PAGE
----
What are some of the most memorable moments you’ve had while on the job?

The first time I ever stripped is by far the most memorable. It was for this Aussie bloke by the name of Jim who really just wanted to stare at my vagina for a really long time. You can read all about the graphic juiciness it in the opening pages of The Beaver Show. In a matter of minutes, I turned from feeling endless Vagina Panic to becoming the embodiment of Pussy Power. Needless to say, it changed my life.

Photo by Ryan Kobane with BFA

In many ways, stripping is a performance of sexuality. How do you translate your real-life experience of sexuality into a performance? Is it an accurate reflection?

This is a great question. I sell a fantasy. It’s nothing like real-life sexuality. Lap dances are two minute intervals of acting out every porn move you can possibly attempt with a man sitting lifelessly in a chair. It’s sensationalized entertainment that is so stupidly unrealistic you just have to laugh about it. Laughter, sex… at the end of the day, it’s all just entertainment.

How do you combat exhaustion in your field of work?

Sleep. Water. Time off. At most, I only work three days a week. I don’t have kids, pets, and I already paid off my student loans, so I’m very lucky to be able work as infrequently as I do. I could not be a 40-hour a week stripper. A lot of women are, and I have so much respect for them; it’s a lot to be bubbly, sexy and interested all the time.

How do you experience and overcome slut-shaming, or criticism about your field of work?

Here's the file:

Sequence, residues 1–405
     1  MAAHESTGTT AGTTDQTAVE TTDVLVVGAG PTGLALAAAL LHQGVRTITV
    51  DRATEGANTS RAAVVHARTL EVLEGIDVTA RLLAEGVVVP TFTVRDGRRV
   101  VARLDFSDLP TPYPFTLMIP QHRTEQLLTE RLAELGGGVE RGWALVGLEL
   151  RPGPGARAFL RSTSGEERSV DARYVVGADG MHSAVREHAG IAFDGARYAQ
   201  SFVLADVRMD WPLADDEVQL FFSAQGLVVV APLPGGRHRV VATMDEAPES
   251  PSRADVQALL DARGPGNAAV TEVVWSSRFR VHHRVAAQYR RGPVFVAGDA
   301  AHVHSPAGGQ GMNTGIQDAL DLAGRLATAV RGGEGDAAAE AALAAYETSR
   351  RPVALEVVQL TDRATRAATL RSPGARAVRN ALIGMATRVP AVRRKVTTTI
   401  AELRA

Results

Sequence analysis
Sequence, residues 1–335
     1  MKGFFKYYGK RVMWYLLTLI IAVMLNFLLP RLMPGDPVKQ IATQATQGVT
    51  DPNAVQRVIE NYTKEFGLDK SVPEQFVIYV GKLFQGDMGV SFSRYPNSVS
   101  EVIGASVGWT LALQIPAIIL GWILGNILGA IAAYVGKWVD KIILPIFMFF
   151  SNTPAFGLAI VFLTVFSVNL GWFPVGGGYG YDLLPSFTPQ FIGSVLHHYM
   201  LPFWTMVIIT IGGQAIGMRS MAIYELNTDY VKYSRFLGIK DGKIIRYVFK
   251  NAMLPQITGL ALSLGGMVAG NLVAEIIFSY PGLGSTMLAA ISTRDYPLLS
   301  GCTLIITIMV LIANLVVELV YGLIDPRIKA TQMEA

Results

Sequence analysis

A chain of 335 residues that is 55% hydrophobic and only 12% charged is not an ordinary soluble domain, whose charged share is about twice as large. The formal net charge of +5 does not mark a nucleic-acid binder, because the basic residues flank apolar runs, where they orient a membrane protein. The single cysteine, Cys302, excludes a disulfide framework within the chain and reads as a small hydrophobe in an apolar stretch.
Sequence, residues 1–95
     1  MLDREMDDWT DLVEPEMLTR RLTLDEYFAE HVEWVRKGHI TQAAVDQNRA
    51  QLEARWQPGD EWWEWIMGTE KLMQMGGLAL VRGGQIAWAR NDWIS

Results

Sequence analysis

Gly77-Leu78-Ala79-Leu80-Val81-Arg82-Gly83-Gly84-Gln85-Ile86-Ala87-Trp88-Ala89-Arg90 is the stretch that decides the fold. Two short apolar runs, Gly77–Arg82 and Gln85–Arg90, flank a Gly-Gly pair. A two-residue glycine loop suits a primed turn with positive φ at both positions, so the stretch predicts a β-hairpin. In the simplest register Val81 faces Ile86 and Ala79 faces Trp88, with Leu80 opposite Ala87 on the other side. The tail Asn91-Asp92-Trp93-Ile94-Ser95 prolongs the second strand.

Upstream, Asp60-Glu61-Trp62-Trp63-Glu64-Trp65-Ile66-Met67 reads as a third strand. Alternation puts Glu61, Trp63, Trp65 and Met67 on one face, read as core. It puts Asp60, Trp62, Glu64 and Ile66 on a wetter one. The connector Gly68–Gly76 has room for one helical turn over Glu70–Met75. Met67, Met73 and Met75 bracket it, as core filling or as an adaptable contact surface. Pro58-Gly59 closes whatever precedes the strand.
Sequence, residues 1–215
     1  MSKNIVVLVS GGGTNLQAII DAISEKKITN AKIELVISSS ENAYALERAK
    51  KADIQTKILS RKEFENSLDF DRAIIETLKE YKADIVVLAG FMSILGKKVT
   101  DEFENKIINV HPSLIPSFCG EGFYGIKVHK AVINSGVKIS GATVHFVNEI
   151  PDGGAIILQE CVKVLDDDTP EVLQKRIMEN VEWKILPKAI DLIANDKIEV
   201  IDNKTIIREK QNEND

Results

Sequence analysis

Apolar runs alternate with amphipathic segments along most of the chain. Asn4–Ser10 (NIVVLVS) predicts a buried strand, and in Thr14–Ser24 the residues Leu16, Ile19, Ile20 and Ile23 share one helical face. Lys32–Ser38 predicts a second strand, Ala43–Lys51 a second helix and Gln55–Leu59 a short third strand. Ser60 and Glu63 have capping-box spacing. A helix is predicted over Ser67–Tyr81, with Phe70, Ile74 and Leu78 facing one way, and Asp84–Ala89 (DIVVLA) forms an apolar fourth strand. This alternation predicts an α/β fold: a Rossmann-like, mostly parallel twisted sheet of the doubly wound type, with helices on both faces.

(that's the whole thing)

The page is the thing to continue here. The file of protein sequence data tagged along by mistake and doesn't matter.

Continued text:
There is so much bad press about strippers. With every blog post, stand-up comedy show and comic I draw, I aim to tear these shitty and slut-shamey stereotypes apart. The problem is that it’s never strippers driving that narrative, it’s patriarchy. It’s up to us sluts to change this. I just launched a kickstarter to take The Beaver Show on tour. I want to make people laugh – and think – with my comedy, all the while celebrating the women I meet along the way who are committed to being unabashedly themselves.

Photo by Ryan Kobane with BFA

If someone is feeling shame, guilt, or embarrassment about their own sexuality, what advice would you give them?

Fuck those people who are making you feel that way! They are insecure about their own sexuality and projecting their shit onto you. Find a community where you can talk about your experiences openly. The internet, support groups, people you trust… What I’ve found most helpful in talking about sex work is the community on Tumblr. When I would read about other people’s experiences, it made it so much easier for me to work through my own, particularly on how to talk about it with non-sex workers.

What advice do you have for women who might be interested in working in this industry?

Do it. Try it. If you like it, stay. If you don’t, don’t. The hardest part is showing up.

What inspired you to write your book? What has been the best thing about writing the book?

I’ve always been a writer, but when I started stripping I was like, I MUST TELL THIS STORY. And I’m happy it’s out there. The coolest thing is to have someone tell you “I’m reading your book. It literally made me laugh out loud.”

Photo by Jacqueline Francis